add note; source;
The Kollyva are symbolic of the resurrection of the dead on the day of the Second Coming of the Lord. St. [[Apostle Paul|Paul]] said, ''"what you sow does not come to life unless it dies"'' (I Corinthians 15:34), and St. [[Apostle John|John]], ''"unless a grain of wheat falls into the earth and dies, it remains alone; but if it dies, it bears much fruit"'' (John 12:24). Thus, as the wheat is buried in the soil and disintegrates without really dying but is later regenerated into a new plant that bears much more fruit than itself, so the Christian's body will be raised again from the very corruptible matter from which it is now made; however, it will be raised not in its previous fleshy substance but in an incorruptible essence which ''"will clad the mortal body with an immortal garment"'', in the words of St. Paul (I Corinthians 15:53).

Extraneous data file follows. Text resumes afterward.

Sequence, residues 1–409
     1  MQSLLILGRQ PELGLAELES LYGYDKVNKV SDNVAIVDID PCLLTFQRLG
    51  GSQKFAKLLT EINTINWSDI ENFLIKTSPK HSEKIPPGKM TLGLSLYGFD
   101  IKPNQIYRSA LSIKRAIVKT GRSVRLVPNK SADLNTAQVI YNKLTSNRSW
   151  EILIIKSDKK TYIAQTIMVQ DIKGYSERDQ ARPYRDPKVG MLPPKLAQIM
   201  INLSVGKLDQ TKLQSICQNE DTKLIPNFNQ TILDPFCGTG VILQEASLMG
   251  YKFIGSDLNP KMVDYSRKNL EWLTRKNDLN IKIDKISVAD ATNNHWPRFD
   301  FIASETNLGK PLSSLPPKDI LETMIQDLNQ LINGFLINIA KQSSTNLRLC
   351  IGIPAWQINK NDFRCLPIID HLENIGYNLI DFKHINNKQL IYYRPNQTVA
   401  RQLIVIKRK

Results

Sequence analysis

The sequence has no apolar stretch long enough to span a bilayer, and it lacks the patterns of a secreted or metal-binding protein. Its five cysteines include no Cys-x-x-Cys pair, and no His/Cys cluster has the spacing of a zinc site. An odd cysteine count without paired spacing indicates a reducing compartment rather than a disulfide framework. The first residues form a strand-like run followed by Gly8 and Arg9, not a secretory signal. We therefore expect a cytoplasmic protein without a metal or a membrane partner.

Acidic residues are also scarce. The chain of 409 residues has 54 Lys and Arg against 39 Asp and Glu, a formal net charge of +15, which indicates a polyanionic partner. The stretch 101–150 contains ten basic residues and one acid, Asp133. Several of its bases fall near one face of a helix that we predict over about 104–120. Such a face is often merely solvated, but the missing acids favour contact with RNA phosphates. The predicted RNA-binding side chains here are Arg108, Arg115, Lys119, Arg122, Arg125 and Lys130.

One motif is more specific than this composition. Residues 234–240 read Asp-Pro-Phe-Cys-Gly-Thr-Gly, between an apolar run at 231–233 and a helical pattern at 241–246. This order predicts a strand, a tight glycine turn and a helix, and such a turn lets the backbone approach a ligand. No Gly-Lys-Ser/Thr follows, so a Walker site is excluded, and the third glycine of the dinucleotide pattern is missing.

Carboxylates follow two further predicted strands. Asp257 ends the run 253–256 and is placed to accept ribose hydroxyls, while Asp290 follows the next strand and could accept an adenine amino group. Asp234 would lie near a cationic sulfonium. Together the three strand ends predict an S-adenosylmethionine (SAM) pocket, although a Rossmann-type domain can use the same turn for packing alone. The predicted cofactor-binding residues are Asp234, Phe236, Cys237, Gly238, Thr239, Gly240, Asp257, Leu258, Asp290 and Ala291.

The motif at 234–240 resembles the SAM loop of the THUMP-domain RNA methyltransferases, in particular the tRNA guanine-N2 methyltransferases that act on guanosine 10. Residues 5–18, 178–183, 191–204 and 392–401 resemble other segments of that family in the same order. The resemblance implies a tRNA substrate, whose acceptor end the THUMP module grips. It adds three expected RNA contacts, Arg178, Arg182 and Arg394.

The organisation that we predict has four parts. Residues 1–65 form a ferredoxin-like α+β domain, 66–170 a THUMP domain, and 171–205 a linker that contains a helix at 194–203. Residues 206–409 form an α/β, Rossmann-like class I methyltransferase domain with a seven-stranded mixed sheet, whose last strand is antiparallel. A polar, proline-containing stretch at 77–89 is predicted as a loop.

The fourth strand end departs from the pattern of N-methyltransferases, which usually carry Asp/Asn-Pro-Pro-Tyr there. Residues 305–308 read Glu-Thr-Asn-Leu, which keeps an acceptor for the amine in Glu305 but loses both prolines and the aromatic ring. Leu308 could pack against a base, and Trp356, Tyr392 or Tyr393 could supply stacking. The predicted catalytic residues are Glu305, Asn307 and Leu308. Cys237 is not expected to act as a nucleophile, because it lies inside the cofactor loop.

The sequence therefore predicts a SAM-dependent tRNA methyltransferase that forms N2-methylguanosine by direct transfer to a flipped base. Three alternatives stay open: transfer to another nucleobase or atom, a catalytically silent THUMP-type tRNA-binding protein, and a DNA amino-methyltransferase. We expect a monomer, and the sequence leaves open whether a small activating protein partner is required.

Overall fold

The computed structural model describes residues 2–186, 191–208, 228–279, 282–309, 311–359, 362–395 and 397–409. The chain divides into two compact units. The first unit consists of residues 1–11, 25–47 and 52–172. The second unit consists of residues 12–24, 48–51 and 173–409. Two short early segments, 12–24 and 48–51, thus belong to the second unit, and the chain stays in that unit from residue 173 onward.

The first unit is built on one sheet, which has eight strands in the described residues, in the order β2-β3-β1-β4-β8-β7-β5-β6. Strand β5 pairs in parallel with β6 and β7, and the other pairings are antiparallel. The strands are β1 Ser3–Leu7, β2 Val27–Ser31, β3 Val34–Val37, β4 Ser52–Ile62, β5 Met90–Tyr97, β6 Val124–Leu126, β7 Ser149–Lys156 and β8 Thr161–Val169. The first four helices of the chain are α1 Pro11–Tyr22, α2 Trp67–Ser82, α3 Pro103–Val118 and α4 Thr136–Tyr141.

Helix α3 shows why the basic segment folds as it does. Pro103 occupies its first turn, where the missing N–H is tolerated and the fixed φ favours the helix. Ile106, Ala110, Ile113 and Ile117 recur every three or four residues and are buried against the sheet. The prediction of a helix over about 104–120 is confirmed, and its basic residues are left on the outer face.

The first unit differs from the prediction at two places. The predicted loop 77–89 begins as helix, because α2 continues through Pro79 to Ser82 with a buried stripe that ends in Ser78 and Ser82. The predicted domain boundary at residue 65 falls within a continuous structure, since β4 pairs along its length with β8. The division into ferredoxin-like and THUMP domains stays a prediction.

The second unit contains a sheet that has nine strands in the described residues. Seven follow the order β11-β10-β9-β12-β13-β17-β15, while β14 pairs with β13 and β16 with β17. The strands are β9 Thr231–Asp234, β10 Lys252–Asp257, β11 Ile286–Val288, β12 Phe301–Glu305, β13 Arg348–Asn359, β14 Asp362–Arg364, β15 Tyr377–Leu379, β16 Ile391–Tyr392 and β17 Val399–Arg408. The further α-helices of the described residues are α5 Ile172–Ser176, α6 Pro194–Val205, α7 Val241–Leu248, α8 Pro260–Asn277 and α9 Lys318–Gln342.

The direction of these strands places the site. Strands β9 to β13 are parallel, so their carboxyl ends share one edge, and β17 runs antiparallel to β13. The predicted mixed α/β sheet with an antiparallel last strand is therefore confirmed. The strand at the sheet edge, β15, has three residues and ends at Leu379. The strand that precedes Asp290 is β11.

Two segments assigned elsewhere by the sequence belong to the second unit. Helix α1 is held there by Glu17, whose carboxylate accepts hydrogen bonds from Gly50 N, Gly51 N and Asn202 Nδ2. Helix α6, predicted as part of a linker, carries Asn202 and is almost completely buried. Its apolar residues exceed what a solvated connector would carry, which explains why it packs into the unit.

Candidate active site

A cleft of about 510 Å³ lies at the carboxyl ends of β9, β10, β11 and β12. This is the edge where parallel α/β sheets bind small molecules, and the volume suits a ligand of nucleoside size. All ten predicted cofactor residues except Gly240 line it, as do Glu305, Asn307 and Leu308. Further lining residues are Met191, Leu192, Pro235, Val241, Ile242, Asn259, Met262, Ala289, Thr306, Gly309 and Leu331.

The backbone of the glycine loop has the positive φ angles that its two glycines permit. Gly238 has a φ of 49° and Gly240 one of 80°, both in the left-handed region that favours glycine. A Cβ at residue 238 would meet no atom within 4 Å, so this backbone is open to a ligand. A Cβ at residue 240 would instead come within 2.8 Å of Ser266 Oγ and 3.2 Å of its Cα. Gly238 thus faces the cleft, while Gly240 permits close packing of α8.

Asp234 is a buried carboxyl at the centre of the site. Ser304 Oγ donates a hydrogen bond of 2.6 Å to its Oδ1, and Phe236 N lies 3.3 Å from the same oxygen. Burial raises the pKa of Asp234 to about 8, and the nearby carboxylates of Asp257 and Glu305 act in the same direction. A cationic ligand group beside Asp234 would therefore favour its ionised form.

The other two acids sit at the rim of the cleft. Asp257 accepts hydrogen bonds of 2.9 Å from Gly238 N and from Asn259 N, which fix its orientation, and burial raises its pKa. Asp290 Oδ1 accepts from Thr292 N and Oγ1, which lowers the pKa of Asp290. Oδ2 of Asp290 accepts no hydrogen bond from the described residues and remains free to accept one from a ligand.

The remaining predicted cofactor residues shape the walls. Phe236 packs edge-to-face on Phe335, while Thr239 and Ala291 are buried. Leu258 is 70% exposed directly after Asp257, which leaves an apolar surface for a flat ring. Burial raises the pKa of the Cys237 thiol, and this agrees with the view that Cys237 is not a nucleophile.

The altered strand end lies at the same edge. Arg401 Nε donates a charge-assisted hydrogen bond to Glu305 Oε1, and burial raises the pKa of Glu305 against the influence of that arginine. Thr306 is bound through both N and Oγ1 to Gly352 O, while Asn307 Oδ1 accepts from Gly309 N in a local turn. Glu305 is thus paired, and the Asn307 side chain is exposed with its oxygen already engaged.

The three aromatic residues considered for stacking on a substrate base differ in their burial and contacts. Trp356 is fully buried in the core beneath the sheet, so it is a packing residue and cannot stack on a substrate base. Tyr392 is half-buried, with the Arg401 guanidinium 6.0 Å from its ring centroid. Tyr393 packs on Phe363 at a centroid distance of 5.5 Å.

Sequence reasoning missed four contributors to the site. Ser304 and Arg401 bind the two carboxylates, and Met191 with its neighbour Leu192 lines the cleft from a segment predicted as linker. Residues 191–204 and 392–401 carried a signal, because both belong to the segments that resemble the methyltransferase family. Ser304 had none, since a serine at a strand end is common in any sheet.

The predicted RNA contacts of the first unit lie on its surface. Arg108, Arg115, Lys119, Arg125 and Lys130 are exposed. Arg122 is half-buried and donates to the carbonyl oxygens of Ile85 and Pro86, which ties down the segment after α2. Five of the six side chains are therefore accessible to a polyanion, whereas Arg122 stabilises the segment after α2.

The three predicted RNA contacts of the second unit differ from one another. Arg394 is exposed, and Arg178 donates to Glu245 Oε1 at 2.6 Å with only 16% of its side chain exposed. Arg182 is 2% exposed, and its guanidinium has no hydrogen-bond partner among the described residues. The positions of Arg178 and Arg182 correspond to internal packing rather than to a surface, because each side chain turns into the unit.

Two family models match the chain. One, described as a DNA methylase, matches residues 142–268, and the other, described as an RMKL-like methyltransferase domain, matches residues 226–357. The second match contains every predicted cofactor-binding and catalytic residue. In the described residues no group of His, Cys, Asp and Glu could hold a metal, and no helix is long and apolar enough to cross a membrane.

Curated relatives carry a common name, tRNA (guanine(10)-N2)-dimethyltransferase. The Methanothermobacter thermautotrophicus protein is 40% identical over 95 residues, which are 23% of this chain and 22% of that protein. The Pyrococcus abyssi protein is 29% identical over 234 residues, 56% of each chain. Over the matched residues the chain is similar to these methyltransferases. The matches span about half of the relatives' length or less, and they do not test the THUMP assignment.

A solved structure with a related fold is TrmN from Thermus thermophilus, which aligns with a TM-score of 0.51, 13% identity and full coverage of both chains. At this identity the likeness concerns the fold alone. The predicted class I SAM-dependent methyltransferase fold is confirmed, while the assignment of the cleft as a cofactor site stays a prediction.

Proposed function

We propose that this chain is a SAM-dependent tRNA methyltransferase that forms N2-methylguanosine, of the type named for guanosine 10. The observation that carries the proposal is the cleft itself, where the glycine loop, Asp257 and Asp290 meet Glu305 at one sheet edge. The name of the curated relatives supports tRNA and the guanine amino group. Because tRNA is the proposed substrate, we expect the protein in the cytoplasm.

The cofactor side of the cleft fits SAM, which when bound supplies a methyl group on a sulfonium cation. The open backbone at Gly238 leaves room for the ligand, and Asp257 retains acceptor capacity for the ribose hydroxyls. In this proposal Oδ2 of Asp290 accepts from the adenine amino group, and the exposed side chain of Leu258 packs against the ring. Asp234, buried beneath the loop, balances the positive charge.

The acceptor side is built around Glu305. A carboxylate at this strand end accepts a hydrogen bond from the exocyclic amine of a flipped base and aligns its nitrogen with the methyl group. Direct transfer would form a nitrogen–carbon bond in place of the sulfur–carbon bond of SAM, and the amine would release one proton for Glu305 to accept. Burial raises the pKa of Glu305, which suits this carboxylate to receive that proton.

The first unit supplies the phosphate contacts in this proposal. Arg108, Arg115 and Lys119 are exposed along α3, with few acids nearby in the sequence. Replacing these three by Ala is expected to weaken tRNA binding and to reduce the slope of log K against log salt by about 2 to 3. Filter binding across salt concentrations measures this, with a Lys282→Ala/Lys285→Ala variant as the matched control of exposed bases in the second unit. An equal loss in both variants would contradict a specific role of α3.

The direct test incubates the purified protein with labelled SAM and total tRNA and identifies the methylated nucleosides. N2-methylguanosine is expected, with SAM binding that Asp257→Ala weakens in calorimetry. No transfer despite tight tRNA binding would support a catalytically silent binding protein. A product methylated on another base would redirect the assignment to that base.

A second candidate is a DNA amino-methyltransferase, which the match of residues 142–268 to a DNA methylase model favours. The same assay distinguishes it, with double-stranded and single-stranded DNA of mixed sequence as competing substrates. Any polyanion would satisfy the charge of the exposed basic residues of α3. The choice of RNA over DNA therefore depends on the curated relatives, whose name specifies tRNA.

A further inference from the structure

The Kollyva then, symbolize the Apostolically rooted hope in the resurrection of the dead as the only eventuality that gives meaning and attains the longed perfection on the part of the individual who takes his life to be a divinely ordained meaningful living forever.<ref>Rev. Dr. Nicon D. Patrinacos (M.A., D.Phil. (Oxon)). ''A Dictionary of Greek Orthodoxy - Λεξικον Ελληνικης Ορθοδοξιας''. Light & Life Publishing, Minnesota, 1984. pp.225-226.</ref>
==Occasions of Use==
* [[w:Requiem|Requiem]] (''funeral Mass in the Roman Catholic Church'')
* Rev. Dr. Nicon D. Patrinacos (M.A., D.Phil. (Oxon)). ''A Dictionary of Greek Orthodoxy - Λεξικον Ελληνικης Ορθοδοξιας''. Light & Life Publishing, Minnesota, 1984.